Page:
Movie Review: The Conjuring: The Devil Made Me Do It

Movie Review: The Conjuring: The Devil Made Me Do It

By Kevin Hoskinson

In the latest entry of The Conjuring universe, the Warrens take on their most diabolical case yet. The film takes on the famous “Devil made me do it” case, the first known United States court trial where the defense used demonic possession to prove their client’s innocence.

According to records, 11-year old David Glatzel was supposedly possessed by a demon. Enlisting the help of the Warrens and numerous priests, the demon eventually fled the boy’s body and found a new host inside Arne Johnson. A few months later, Arnie murdered his landlord during an argument and took no personal responsibility for the murder, claiming that forces beyond his control were at work. 

The case itself is intriguing and fascinating, and it captured the attention of those around the world. Unfortunately, the same can’t be said for this movie. The third main entry in The Conjuring universe of films doesn’t have a number 3 in the title, and I can assume there is a good reason for that. The first film felt dirty and gritty, like it was a film made in the ’70s. The second one had a different vibe with its look but still kept the gritty feel. This one loses all of that in favor of a modern and polished shine, attempting to make the movie feel more modern. The end product has a completely different feeling and loses part of what made the previous entries so effective. 

It’s not so controversial to say that director James Wan is a modern master of horror. He has launched some of the biggest horror franchises today, including Saw, Insidious, and of course, The Conjuring universe. His style can be described as subtle yet kinetic, bringing otherwise simple worlds to life in a unique way. He directed the original two Conjuring films and handed the reins over to Michael Cavez, who directed The Curse Of La Llorona, to direct the third. While Chavez tries his best to imitate what came before, Wan is severely missed behind the camera. There are more important story elements that don’t work, but someone like Wan would have been able to mold it into something more palatable and entertaining.

Speaking of the story, it isn’t the plot that’s the problem; it’s the execution of it. The possession of Arne is at the center of the movie, and the most interesting part of it is the trial. We barely see anything take place in a courtroom except for a couple of short scenes. This movie is content with paying homage to other horror films that came before (The Exorcist and The Shining, to name a couple), so why not build off what The Exorcism Of Emily Rose did and give us more of that? It would have made for a more intense and gripping movie. Instead, we are treated to a story without urgency, and a villain reveal that made me lose interest in everything that was happening.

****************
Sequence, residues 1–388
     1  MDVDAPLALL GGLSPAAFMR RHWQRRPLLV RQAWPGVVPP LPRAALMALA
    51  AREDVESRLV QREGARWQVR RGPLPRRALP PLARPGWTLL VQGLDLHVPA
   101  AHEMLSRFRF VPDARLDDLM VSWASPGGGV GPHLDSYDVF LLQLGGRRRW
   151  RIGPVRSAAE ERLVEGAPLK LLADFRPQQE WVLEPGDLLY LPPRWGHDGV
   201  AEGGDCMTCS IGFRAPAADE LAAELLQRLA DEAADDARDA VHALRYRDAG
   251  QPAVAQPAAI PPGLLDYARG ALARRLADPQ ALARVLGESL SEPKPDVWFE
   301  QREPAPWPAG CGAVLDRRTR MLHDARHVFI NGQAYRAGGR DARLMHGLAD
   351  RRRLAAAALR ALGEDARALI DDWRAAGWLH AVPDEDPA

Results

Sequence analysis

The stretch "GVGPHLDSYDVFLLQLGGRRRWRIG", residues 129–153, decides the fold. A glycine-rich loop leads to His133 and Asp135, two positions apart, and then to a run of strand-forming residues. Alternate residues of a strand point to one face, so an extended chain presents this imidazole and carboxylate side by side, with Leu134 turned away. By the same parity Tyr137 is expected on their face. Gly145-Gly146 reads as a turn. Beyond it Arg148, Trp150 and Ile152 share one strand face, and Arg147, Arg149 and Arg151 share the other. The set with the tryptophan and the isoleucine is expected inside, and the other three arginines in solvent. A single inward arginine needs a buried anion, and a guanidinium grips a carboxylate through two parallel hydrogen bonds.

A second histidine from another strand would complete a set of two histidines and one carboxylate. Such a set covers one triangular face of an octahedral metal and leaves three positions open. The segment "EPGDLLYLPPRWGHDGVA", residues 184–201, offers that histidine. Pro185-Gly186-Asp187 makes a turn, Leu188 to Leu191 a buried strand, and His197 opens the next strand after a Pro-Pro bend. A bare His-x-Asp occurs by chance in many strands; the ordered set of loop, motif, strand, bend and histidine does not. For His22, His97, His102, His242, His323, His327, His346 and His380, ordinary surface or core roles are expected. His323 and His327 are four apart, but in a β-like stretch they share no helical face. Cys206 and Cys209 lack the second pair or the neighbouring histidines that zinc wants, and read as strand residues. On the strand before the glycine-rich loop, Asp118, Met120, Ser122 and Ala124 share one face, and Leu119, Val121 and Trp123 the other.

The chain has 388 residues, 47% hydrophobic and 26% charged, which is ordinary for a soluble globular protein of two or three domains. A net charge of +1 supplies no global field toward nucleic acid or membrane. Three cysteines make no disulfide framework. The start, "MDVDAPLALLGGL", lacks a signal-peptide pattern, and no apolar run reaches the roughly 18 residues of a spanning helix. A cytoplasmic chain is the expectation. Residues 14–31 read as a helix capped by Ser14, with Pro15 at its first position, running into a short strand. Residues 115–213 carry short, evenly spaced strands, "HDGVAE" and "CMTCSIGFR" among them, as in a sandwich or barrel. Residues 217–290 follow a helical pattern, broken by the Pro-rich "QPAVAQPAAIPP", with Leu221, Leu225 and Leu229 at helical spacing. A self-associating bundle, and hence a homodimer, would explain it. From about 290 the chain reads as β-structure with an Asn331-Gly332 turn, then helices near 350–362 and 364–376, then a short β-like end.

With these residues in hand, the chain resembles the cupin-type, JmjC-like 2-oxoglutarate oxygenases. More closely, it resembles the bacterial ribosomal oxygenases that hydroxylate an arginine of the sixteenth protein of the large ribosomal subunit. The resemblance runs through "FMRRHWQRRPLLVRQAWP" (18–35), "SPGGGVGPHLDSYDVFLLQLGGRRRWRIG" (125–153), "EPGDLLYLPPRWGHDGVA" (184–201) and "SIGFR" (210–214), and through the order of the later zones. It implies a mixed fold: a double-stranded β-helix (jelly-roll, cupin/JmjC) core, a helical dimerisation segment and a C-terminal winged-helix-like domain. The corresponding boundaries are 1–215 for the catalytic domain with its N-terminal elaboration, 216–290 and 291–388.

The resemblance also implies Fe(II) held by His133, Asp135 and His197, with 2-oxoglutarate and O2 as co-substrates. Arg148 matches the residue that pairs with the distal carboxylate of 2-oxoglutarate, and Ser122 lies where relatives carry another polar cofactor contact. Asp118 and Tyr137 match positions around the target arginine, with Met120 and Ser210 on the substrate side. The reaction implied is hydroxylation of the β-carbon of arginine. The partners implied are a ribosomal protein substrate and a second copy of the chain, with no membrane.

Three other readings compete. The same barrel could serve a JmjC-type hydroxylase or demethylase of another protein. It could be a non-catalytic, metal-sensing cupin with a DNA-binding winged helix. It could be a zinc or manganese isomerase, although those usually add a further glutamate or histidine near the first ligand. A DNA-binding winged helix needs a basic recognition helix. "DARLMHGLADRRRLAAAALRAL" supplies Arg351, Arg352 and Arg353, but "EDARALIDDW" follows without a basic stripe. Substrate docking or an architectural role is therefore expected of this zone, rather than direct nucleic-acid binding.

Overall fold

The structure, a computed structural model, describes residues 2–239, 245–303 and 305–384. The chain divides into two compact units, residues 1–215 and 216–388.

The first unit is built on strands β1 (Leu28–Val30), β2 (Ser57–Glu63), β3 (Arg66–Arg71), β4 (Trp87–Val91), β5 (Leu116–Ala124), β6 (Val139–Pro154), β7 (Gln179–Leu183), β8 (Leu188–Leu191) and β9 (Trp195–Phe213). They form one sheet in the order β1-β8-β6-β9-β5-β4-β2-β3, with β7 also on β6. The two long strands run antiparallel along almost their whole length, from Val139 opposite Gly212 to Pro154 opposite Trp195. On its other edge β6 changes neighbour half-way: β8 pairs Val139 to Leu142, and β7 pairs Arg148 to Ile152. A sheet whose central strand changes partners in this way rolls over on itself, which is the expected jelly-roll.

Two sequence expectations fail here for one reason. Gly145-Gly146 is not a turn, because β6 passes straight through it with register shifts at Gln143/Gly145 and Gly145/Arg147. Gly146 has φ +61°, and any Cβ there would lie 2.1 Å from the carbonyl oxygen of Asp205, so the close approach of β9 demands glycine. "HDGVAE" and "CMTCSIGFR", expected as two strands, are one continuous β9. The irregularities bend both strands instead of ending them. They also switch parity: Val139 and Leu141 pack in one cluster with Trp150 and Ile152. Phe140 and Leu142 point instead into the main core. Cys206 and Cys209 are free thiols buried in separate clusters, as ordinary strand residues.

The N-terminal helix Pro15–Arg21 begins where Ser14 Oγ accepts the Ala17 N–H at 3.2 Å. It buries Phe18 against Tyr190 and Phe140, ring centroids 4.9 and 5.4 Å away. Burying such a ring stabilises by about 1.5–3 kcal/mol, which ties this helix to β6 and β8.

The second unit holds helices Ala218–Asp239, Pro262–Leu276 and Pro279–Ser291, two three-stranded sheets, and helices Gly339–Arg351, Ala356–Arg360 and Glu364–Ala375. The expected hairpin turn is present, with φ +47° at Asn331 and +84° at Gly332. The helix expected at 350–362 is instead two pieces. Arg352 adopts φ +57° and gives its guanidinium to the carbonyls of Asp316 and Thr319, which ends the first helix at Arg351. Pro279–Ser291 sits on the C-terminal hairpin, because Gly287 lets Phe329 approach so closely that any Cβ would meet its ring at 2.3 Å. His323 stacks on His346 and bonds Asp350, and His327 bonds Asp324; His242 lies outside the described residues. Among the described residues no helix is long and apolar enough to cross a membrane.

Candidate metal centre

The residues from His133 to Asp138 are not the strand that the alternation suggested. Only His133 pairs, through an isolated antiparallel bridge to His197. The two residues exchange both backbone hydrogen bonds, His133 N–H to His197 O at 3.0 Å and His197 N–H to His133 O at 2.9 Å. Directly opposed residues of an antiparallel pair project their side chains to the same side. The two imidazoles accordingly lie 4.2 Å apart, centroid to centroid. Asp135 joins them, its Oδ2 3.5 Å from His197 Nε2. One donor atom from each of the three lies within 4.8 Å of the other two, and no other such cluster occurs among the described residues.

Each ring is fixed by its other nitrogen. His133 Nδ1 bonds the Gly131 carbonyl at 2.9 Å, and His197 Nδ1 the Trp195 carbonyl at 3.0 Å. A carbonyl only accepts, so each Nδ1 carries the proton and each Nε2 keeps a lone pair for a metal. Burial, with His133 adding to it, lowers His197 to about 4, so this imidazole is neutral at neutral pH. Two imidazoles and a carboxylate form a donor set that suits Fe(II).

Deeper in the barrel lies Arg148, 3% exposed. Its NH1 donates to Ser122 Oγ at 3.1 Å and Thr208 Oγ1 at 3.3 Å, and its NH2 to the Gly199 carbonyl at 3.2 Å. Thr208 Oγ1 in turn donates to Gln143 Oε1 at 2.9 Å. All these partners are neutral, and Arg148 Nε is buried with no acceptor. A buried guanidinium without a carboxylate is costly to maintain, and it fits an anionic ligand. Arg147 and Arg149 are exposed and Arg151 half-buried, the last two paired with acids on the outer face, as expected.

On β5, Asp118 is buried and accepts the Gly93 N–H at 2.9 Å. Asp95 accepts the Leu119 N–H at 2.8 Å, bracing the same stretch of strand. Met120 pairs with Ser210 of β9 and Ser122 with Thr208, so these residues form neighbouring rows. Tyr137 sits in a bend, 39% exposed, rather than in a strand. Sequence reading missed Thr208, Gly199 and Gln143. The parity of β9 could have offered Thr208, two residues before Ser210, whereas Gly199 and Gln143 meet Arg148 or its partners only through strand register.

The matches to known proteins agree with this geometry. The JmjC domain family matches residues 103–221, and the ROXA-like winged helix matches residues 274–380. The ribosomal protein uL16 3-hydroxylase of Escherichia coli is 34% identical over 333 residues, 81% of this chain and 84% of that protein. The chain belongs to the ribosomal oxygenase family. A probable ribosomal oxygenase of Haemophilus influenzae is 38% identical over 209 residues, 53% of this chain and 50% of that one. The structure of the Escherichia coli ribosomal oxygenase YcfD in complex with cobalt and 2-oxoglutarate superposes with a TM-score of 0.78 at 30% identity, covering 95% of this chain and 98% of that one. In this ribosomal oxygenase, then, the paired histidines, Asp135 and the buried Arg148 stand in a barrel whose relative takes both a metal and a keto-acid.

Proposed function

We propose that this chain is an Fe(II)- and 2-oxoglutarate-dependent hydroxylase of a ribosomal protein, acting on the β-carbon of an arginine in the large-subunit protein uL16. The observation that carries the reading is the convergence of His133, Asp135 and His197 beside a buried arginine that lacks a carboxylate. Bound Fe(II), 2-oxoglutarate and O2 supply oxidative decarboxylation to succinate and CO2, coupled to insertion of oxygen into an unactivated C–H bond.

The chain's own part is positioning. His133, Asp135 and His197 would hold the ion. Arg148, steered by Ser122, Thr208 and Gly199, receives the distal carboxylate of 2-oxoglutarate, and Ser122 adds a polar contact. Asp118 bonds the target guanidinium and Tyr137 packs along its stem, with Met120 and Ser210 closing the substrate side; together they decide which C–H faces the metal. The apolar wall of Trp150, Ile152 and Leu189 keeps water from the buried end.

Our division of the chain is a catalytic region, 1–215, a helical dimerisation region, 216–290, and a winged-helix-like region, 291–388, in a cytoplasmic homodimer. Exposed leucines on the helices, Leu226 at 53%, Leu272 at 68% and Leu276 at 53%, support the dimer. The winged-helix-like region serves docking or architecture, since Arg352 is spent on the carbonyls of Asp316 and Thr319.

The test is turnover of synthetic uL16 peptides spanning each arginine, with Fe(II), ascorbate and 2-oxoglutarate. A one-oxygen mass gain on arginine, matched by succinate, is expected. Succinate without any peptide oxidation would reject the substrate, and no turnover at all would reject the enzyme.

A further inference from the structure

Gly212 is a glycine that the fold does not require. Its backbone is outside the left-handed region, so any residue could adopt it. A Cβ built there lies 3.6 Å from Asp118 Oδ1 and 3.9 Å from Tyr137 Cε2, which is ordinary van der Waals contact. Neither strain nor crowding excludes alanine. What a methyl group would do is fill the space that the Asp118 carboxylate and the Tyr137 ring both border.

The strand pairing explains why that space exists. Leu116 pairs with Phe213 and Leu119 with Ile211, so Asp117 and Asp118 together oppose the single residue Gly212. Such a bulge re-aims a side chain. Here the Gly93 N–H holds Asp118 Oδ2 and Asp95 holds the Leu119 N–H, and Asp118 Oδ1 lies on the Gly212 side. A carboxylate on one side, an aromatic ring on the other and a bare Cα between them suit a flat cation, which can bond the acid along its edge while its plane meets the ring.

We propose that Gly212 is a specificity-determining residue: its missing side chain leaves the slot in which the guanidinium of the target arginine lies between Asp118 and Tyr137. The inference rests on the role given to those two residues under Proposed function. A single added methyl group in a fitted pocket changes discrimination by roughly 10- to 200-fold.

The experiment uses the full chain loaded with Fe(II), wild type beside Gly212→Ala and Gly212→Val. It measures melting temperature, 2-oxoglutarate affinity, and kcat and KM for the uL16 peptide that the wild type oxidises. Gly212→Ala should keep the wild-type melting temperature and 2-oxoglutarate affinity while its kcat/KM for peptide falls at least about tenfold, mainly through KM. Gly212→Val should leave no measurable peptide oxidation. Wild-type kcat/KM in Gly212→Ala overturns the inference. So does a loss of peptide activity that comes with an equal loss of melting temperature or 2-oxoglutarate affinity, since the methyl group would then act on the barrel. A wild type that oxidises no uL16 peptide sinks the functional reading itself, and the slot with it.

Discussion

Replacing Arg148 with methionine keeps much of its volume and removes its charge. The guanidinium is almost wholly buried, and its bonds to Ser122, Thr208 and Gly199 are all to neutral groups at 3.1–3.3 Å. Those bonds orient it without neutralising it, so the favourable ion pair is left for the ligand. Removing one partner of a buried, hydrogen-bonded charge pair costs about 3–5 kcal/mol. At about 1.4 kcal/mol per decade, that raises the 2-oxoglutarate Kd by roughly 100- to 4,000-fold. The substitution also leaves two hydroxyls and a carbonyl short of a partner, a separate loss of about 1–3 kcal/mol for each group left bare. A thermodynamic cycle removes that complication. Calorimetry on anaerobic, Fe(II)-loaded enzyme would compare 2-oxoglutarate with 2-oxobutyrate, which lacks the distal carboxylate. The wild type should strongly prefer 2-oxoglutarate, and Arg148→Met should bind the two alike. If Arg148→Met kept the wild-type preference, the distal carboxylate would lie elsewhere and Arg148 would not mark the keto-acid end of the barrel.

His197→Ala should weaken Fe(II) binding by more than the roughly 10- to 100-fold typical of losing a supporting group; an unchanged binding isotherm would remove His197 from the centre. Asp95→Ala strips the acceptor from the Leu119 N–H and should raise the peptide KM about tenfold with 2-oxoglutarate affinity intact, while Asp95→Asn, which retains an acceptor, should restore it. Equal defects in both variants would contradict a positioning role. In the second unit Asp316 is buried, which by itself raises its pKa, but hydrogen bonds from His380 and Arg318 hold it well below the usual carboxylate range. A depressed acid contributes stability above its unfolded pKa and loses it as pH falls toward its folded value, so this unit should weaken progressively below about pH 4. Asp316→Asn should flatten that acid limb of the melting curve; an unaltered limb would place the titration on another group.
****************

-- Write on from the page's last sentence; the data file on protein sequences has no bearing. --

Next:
It’s not all bad, though. Patrick Wilson and Vera Farmiga still have amazing chemistry together as Ed and Loraine Warren. Depending on who you talk to, the real-life Warrens were either con artists or the real thing. One thing that isn’t up for debate is their love for each other and their dedication to the investigations. When one of them is in danger, the other is genuinely concerned and scared, always bracing for the worst but praying for the best. Wilson and Fermiga sell the relationship with ease, whether it’s passionate glances at each other when things are good or tears of horror when things are bad. They are perfect for each other, and casting them was a stroke of genius. 

The production design, the cast, and the direction are really good, but the mediocre story overshadows that. This Conjuring movie is on par with a decent episode of The X-Files or Supernatural. It fills the time, and the characters are great, but it doesn’t add anything to the universe. It’s not very scary, and it probably won’t make or break the series for you; it just exists. 

Rating: TWO Pastrami Nations out of FIVE

Pastrami Nations

Kevin Hoskinson is the Entertainment Editor at Pastrami Nation. A writer with a deep-seeded love for movies, comic books, television, and the paranormal, he is also the host of Pastrami Nation: Popcorn on YouTube, Spotify, Apple Podcasts, SoundCloud, and more. From humble beginnings working the box office at his local movie theater, he’s worked his way to becoming a humble family man and professional bug exterminator. Growing up, he wanted to become an astronaut, a Ghostbuster, a dinosaur, and a Disney animator before he found his passion for writing as a teen. He studied film at Los Angeles Valley College with an emphasis on screenwriting and film criticism. He currently lives in Portland, Oregon, with his wife and two kids. You can follow him on Facebook, Twitter @Kevin_Hoskinson, and Instagram @kevinhoskinson.

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